Having an organized and stylish place to keep your weed that you can leave out in plain sight is an option any adult deserves.
When my stylist, Laurel Kinney, and I met up for our shopping session, she was just as fun and peppy as she seemed in her instructional videos, but somehow, my stomach dropped before we even got in the dressing room.
"Oh yeah," she said, when I confided that I was feeling a little bit nervous about what was to come. "Lots of people cry."
This sounds like me: a crier. But hell if I was going to do that in front of my newfound friend, this stylish woman who just happened to make a career out of what I do worst. Namely, getting over one's limiting beliefs and just having some fun with clothes already. Besides, one needs to own more than two pairs of jeans, a tank top and a T-shirt won at a book party.
The easiest part of the whole process was filling out a survey about my style needs online, before we met -- because I could do this in my underwear. And also the Skype session we had to discuss the survey, because we got to talk about Lake Bell as my style icon. But the shopping part, was, in fact, excruciating. Because, it turns out, clothes are less about clothes and more about body image, identity, finances, sexuality and even gender.
Limiting Belief #1: Everything is made in China and/or is polyester.
Laurel had already filled the dressing rooms with options earlier that morning, so if I had done what I normally do, which is inspect every tag and then leave immediately, it would have been, well, rude.
I began to pull shirts on over skirts and pants and discovered I actually just don’t like dressing rooms. Or, come to think of it, my breasts -- those things that leave me without options when it comes to backless dresses, even if the one that I tried on was sexy in that I-just-came-from-the-beach kind of way. Laurel suggested I consider those sticky cups you put on instead of a bra, which I nixed right away.
So we left with a dressy tank that captured a little romance plus some blossomy pants instead. And I learned that the fun in this was not selecting the perfect fabric but in finding a good fit.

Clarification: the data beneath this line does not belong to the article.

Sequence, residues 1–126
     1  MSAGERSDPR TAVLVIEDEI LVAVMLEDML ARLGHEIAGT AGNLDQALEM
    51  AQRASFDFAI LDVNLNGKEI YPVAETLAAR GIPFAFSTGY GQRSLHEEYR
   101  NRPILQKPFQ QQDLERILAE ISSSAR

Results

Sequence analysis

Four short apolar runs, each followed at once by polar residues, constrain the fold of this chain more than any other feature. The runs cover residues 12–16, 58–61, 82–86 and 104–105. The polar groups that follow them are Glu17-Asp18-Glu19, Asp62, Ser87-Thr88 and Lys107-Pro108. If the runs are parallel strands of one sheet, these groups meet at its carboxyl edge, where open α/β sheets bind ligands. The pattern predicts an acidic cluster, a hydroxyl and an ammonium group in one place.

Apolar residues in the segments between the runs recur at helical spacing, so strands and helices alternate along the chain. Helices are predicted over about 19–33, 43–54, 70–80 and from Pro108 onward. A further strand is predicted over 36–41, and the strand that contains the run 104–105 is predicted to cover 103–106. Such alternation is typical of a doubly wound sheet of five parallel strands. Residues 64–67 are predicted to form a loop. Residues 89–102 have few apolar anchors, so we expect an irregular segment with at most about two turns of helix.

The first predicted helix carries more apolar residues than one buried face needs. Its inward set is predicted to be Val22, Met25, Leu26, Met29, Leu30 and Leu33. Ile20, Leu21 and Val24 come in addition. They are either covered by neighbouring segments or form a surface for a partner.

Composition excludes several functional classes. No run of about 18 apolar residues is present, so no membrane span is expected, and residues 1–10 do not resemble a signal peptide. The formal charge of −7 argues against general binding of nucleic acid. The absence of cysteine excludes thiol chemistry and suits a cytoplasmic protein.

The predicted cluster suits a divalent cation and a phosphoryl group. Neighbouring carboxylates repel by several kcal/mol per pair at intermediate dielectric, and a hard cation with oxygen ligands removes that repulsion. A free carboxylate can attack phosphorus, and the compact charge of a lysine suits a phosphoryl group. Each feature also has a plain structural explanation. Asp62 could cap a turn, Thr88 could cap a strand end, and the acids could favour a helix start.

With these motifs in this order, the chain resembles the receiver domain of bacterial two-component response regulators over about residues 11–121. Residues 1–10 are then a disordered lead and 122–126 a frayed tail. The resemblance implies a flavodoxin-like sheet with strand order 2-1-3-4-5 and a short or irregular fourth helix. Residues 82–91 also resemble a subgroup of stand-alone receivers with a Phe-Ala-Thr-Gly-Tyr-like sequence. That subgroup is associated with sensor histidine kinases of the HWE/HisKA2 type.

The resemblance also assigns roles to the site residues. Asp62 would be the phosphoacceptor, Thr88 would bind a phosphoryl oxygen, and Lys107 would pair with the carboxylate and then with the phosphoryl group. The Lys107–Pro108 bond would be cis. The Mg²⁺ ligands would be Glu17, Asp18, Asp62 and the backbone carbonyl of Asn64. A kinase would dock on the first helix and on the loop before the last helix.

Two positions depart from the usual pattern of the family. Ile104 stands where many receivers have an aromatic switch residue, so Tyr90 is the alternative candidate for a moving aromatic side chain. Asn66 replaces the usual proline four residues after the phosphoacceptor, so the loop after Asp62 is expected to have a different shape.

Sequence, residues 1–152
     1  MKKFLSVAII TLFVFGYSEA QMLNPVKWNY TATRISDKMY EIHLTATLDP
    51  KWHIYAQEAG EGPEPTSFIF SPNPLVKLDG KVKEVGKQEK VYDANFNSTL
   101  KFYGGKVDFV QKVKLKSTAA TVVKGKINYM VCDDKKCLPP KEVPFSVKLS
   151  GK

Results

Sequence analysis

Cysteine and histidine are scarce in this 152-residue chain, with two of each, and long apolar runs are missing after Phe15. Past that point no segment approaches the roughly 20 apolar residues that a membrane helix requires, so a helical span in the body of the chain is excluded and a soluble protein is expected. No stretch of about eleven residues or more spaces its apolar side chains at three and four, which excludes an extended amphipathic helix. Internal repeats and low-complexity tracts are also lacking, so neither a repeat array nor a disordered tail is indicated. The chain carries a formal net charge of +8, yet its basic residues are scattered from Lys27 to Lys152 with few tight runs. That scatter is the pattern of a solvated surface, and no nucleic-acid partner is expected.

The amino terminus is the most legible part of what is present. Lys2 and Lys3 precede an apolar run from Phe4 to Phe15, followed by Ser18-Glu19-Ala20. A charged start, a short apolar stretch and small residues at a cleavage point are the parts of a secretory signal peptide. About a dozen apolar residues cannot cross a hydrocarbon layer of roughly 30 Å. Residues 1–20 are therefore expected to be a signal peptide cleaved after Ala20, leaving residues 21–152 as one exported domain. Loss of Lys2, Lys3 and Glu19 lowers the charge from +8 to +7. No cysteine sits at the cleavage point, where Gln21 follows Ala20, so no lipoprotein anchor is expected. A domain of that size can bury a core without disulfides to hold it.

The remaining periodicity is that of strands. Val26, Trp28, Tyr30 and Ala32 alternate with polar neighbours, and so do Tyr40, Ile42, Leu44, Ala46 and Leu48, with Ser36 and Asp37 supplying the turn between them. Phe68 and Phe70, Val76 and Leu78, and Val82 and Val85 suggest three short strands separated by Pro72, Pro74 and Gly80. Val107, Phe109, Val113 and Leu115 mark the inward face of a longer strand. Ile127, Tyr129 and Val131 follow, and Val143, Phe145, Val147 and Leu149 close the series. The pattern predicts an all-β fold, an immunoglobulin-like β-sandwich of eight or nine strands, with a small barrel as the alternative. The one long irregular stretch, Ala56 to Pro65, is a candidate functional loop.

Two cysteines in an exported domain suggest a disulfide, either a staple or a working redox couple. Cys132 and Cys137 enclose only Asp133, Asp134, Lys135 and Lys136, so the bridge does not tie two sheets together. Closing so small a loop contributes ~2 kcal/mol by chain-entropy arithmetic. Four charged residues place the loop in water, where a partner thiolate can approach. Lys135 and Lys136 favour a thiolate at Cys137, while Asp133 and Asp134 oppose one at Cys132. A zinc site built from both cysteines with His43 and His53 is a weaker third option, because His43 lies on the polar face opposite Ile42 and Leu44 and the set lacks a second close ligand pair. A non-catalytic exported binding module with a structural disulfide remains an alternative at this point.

Limiting Belief #2: Only bossy people wear blazers.
It turns out creative people with their shit together wear blazers. Women who know what they want and are on time to meetings wears blazers. People who want to make a good first impression wear blazers.
But do they wear WHITE blazers, I asked Laurel? And could I be one of these people even better if I had a pair of dangly earrings? The answer, it turns out is: No. I do not wear white blazers. I also do not wear dangly earrings, so those are up for grabs. (Seriously, because Topshop won’t take them back.)
But when Laurel looked at me looking at myself in the mirror, wearing one of these snazzy blazer things, a whole new me looked back. And I started to believe in her.
Limiting Belief #3: Colorful things are silly and camo is totally ’90s.
If you think this, as I sometimes do, then you don’t have many options besides black, white and denim (see below). But I loved the maroon shirt with small hearts that Laurel picked out at Anthropologie. I also loved the blue pants with leather trim and a low-neck red jersey dress, but we decided those had nothing to do with the wardrobe themes I was trying to craft, namely: together, personable and a little bit hot mamma.
If I had been there alone, I would have put those puppies on a card and passed over an army green vest with a cinch waist and a floppy collar that you can wear over EVERYTHING. At first I even did pass it up, until Laurel said, “You’re going to be thinking about that vest later,” and I knew she was right.
Limiting Belief #4: Blue jeans and black and white everything else are all you need.
Unfortunately, I overcame this problem at Madewell. What Laurel and I did here is talk a lot about shoes. And how these tan leather ones with a peep toe were anything less than perfect. Which they weren't. Not even a little bit less. But you know what’s more than 100% perfect? Black jeans.
They are the absolute bomb item that I didn't know I was missing, which I probably would have discovered if I had asked anyone else what they loved most in their closet. Or even looked around my neighborhood where black jeans are one half of a uniform. But apparently I've been walking around with something pasted over my eyes.
Well, thanks to Laurel my eyes are open, and while I still can’t commit to color, I can go to work looking both professional and svelte. Especially if I buy those tan peep-toe shoes, too.
Limiting Belief #5: Comfort uber alles.
Have cotton long-sleeve shirts in pastels ever called to you with a soft whisper? Have you ever snuggled one up to your face? If so, you, too, struggle from only-buy-things-from-the-Gap syndrome and you should stay away. Unless, of course, you have a stylist who tells you that they make good button-downs and the day you are shopping there there's a two-for-one special.
You will still have to go by the table of cozies, but you will be strong. And also you will have already spent all your money on blouses and blazers and other things that actually have to be hung up on hangers. Things that do not push your body in ways you don’t like, like pull at the chest or push at the hips. Clothes that achieve a balance between feminine and masculine and embrace your personal subtle cool.
So there you have it: My first and only shopping spree made sane and productive with the help of a hired hand. I still have wardrobe problems, sure. But I also have some clothes. And for that, I am grateful.